It doesn’t take a whole lot to get a roomful of college-aged EDM junkies moving, but Baauer gave it his all anyway during his Thursday night show at the 9:30 Club.

For both the “Harlem Shake” producer and SoundCloud favorite Graves, whose high-energy opening set easily could have headlined a smaller show, the bustling, bouncing crowd must have looked like an IRL sampling of the Internet fan bases who have catapulted their careers into the upper troposphere. The members of the young, largely male audience bore all the signs of Internet fandom: Yung Lean T-shirts, Riff Raff hoodies and, of course, Bape anything and everything.

The floor of the 9:30 Club began to slowly fill up during Graves’ opening set, but there was nothing slow about his performance. The Hawaii-based producer spun a fast and furious selection of SoundCloud hits from eclectic producers such as Mr. Carmack and Mura Masa. But the biggest successes of his set proved to be his own songs — tracks such as “Tiger Blood,” featuring MYRNE, and the ASKA collaboration “There Are No Penguins in Alaska” flattened the constantly growing crowd of fans with his signature combination of future-bass synths and hip-hop swagger.

His own music wasn’t the only place rap showed up; some of Graves’ best transitions of the night involved tracks from some of hip-hop’s hottest artists. Young Thug, Drake and Fetty Wap all got play from the producer, but perhaps the night’s biggest crowd reaction came in the form of an impromptu sing-along to Future’s “Thought It Was a Drought.”

“I just fucked your bitch in some Gucci flip-flops,” the crowd screamed enthusiastically.

While Graves’ quick transitions into off-kilter, bass-heavy drops inspired many “oohs” from the impressed crowd, by the time Baauer took the stage after midnight, the energy was at a peak. When the producer (clad in a custom Aa jacket) ran out to album opener “Church,” the excited cheers were only overshadowed by the crazed flailing and jumping when “GoGo!,” the biggest trap banger on his recently released album Aa, blared over the sound system.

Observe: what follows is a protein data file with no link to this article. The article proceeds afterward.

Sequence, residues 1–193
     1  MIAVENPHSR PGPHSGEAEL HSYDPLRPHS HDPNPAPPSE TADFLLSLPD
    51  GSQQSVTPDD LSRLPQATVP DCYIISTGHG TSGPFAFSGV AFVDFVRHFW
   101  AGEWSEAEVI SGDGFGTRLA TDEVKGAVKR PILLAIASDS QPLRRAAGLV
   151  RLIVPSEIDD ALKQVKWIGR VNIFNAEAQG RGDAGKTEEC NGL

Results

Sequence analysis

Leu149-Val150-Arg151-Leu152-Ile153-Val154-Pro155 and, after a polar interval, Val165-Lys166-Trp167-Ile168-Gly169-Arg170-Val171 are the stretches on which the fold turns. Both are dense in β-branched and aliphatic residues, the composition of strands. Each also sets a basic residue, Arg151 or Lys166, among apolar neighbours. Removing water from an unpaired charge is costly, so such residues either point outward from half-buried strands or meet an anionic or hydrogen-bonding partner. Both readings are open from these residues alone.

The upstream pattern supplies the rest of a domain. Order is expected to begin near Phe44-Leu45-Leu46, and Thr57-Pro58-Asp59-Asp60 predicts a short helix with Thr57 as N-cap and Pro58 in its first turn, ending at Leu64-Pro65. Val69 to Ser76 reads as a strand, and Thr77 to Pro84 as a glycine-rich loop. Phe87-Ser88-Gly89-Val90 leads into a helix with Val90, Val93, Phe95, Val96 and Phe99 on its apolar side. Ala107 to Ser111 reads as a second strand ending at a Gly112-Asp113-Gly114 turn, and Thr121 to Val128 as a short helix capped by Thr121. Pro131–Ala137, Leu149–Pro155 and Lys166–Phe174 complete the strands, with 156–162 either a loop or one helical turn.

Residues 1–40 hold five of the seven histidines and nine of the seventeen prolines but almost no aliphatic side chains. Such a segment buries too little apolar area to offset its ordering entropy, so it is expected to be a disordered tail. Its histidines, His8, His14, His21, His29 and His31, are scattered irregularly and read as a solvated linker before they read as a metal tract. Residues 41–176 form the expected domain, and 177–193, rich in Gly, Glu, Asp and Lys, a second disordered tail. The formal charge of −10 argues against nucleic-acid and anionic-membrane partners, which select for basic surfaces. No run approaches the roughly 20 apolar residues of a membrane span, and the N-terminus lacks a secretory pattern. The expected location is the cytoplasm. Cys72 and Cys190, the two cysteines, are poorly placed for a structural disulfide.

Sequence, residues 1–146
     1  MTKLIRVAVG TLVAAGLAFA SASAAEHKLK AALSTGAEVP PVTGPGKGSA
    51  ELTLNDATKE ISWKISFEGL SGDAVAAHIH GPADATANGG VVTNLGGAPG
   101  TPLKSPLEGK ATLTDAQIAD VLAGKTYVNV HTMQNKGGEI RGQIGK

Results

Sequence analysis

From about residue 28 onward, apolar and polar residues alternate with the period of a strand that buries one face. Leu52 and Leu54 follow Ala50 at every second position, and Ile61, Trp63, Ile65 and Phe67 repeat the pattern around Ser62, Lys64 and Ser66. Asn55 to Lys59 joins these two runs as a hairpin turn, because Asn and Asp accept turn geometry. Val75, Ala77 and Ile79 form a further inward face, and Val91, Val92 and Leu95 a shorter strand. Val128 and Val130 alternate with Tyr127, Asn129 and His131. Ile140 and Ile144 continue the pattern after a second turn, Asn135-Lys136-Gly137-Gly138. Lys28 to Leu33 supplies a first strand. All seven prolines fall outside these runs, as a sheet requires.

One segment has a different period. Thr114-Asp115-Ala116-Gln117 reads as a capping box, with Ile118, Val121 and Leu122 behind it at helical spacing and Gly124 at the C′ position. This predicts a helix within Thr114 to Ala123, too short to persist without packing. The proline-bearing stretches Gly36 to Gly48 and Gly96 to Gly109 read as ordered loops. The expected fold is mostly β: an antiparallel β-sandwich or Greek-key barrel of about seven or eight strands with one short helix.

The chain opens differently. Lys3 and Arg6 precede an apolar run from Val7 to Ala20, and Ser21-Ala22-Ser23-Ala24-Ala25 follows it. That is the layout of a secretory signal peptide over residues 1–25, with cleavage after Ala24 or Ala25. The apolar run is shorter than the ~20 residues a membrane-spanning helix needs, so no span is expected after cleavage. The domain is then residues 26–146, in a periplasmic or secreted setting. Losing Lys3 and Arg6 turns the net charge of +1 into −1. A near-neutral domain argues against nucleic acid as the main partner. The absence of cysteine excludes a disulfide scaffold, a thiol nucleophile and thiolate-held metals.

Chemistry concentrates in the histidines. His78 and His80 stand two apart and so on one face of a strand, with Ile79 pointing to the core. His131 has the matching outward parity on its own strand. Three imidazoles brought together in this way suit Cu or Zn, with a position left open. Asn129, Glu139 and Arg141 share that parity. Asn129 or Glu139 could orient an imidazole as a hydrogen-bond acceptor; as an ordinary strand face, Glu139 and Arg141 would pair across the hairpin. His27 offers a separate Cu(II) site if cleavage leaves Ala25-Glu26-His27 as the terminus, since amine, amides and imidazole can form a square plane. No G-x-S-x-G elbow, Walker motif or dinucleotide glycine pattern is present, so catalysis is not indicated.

In fact, “GoGo!” inspired such enthusiasm that Baauer played it again later in the night along with a number of other album cuts, including star-studded bangers like the M.I.A.-featuring “Temple” and Pusha T and Future’s traphouse anthem “Kung Fu.” And if those songs didn’t accurately capture Baauer’s love of collaboration, the appearance of Baltimore emcee TT The Artist for a performance of the Aa joint effort “Make it Bang” (which did exactly what the title suggests), made it abundantly clear. Baauer appeared to be genuinely enjoying himself as he watched the blue-haired rapper hype up the already simmering audience.

When he wasn’t playing songs from his album in what seemed like well-deserved celebration, Baauer’s showed off his DJing abilities and played a set that ranged virtually every electronic genre, from big-room house and festival trap to Jersey club and hip-hop. The tempo changed more than the location of his towel, which spent time on the table, his neck, his head and more.

If Baauer’s performance had a fault, it’s that it was tiring: The show didn’t dip in energy for its entirety. So when he broke into the final half hour, which boasted recent rap hits such as “Antidote” and “Father Stretch My Hands Pt. 2” — songs that usually inspire the head-nodding and jumping that had already been occurring for an hour — the audience had begun to lag a little, clearly exhausted by a Thursday night with a foot firmly planted on the gas.

But they eased off the brake when, after a sudden ending that fooled no one, Baauer returned to the stage to perform the song he once called “my creep (acoustic)” on Twitter.

“I don’t usually play this one,” he fibbed before launching into his meme-ified 2012 viral hit “Harlem Shake.”

But the Internet’s love of memes came full circle when the crowd, ready for the iconic drop in “Harlem Shake”, was instead met with Spandau Ballet’s “True.” Because he who lives by the meme ends with the meme.

CORRECTION: Due to a reporting error, a previous version of this story incorrectly named Rick Astley’s “Never Gonna Give You Up” as the last song in Baauer’s set. It was Spandau Ballet’s “True.” This story has been updated.